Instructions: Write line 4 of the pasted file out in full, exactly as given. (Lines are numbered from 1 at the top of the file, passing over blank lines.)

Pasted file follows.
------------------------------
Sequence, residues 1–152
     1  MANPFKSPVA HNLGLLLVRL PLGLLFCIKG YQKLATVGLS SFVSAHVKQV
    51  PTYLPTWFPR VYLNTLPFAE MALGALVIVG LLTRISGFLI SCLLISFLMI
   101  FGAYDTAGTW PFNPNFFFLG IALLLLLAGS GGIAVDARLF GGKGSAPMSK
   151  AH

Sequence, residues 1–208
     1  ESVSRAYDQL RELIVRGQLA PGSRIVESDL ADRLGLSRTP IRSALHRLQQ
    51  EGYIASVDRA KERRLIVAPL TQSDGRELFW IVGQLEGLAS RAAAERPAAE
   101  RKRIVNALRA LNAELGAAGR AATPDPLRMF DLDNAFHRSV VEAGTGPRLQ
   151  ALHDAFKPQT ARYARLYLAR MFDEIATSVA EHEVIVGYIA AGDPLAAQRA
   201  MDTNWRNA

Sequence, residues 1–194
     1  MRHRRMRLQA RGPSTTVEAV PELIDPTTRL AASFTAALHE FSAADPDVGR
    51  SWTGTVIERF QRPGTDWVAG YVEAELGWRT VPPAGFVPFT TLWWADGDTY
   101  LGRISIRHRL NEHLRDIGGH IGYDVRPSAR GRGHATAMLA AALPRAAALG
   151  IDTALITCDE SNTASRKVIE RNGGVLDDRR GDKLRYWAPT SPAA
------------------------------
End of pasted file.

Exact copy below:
   101  FGAYDTAGTW PFNPNFFFLG IALLLLLAGS GGIAVDARLF GGKGSAPMSK